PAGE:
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National Advocacy on Behalf of the Poor: An Analysis of Organizational Decision-Making
Unformatted Document Text:  After the Community Action Assembly, the NUL began planning numerous regional and state Poverty Workshops to “stimulate grass roots participation in the implementation of the EOA.” 56 In addition to increasing community activity concerning the EOA, the Southern Regional Office touted the workshops as opportunities for the community to have contact with government officials, and to gain assurances that EOA programs would primarily serve the poor. 57 The NUL also hoped that the workshops would change its elitist reputation. The national office worried that if it did not expand its contact with low-income African Americans, the OEO would not consider the NUL an appropriate recipient of War on Poverty grants. 58 The NUL’s commitment to alleviating poverty, and to offering social services to the poor, was established upon the organization’s founding. Once the federal government began to consider a widespread anti-poverty program, the NUL considered its involvement necessary to insure nondiscriminatory implementation of programs. The League advised the Johnson Administration throughout the drafting of the legislation, and maintained its proprietary relationship with the War on Programs throughout the mid-1960s. Unlike other civil rights organizations, the NUL considered the War on Poverty to be its central priority – its reorganization, directions to local office, relations with policymakers, and certainly its rhetoric, reflected this commitment. O RGANIZATIONAL D ECISIONS TO P RIORITIZE A NTI -P OVERTY P OLICY (1960-1965) Case studies based on archival research raise concerns that perhaps the research is creating a story and, in this case, neglecting other factors that may have led organizations to 56 NUL, Part III: The Records of the National Urban League, 1967-1979, box 1667, NUL Annual Report 1964-1965, 1966. 57 NUL , Part II: The Records of the National Urban League, 1960-1966, Series V, box 35, Press Release, “NUL hold poverty workshops in the South,” January 25, 1965. 58 NUL , Part II: The Records of the National Urban League, 1960-1966, Series I, box 28, Memo to Whitney Young, From: Reginald Johnson, May 14, 1965. 27

Authors: Paden, Catherine.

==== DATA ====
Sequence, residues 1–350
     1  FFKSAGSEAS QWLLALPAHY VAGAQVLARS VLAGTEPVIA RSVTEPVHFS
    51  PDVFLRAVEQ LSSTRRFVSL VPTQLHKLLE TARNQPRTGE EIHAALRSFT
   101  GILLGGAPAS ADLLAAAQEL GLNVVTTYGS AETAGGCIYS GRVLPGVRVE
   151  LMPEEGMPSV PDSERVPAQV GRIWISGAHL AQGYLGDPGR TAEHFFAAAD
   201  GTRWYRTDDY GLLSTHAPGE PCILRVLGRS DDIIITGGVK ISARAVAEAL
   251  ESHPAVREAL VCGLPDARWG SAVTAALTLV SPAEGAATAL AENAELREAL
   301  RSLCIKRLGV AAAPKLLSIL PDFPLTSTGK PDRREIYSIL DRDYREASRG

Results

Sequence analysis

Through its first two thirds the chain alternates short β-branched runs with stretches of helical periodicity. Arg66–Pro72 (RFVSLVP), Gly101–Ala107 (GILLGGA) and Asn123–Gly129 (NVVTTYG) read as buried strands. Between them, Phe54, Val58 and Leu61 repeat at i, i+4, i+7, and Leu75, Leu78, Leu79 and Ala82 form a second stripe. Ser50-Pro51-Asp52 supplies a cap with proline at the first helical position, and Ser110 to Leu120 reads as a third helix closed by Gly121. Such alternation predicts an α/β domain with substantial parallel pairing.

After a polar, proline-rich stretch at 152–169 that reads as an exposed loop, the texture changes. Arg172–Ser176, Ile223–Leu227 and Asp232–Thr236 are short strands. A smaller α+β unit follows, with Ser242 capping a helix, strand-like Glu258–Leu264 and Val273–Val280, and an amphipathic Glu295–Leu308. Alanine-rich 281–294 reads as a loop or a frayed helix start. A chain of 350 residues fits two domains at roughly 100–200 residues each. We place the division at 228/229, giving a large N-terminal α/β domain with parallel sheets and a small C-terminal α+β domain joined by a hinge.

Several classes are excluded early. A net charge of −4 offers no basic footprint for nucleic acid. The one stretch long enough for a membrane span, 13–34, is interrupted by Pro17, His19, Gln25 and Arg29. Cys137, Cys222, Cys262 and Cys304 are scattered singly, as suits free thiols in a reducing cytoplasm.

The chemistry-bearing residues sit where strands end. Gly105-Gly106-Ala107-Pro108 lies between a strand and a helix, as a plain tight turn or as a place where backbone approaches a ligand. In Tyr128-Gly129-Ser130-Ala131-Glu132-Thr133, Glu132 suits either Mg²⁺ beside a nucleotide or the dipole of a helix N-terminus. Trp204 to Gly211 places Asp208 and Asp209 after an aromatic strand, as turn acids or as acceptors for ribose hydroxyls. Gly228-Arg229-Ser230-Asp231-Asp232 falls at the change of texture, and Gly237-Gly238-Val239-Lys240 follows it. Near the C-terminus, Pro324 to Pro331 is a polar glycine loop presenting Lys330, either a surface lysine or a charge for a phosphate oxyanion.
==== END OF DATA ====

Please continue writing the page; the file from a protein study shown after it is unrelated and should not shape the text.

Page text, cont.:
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After the Community Action Assembly, the NUL began planning numerous regional and 
state Poverty Workshops to “stimulate grass roots participation in the implementation of the 
  In addition to increasing community activity concerning the EOA, the Southern 
Regional Office touted the workshops as opportunities for the community to have contact with 
government officials, and to gain assurances that EOA programs would primarily serve the 
  The NUL also hoped that the workshops would change its elitist reputation.  The national 
office worried that if it did not expand its contact with low-income African Americans, the OEO 
would not consider the NUL an appropriate recipient of War on Poverty grants.
The NUL’s commitment to alleviating poverty, and to offering social services to the 
poor, was established upon the organization’s founding.  Once the federal government began to 
consider a widespread anti-poverty program, the NUL considered its involvement necessary to 
insure nondiscriminatory implementation of programs.  The League advised the Johnson 
Administration throughout the drafting of the legislation, and maintained its proprietary 
relationship with the War on Programs throughout the mid-1960s.  Unlike other civil rights 
organizations, the NUL considered the War on Poverty to be its central priority – its 
reorganization, directions to local office, relations with policymakers, and certainly its rhetoric, 
reflected this commitment.  
Case studies based on archival research raise concerns that perhaps the research is 
creating a story and, in this case, neglecting other factors that may have led organizations to 
 NUL, Part III: The Records of the National Urban League, 1967-1979, box 1667, NUL Annual Report 1964-1965, 
 NUL , Part II: The Records of the National Urban League, 1960-1966, Series V, box 35, Press Release, “NUL 
hold poverty workshops in the South,” January 25, 1965.
 NUL , Part II: The Records of the National Urban League, 1960-1966, Series I, box 28, Memo to Whitney Young, 
From: Reginald Johnson, May 14, 1965.  

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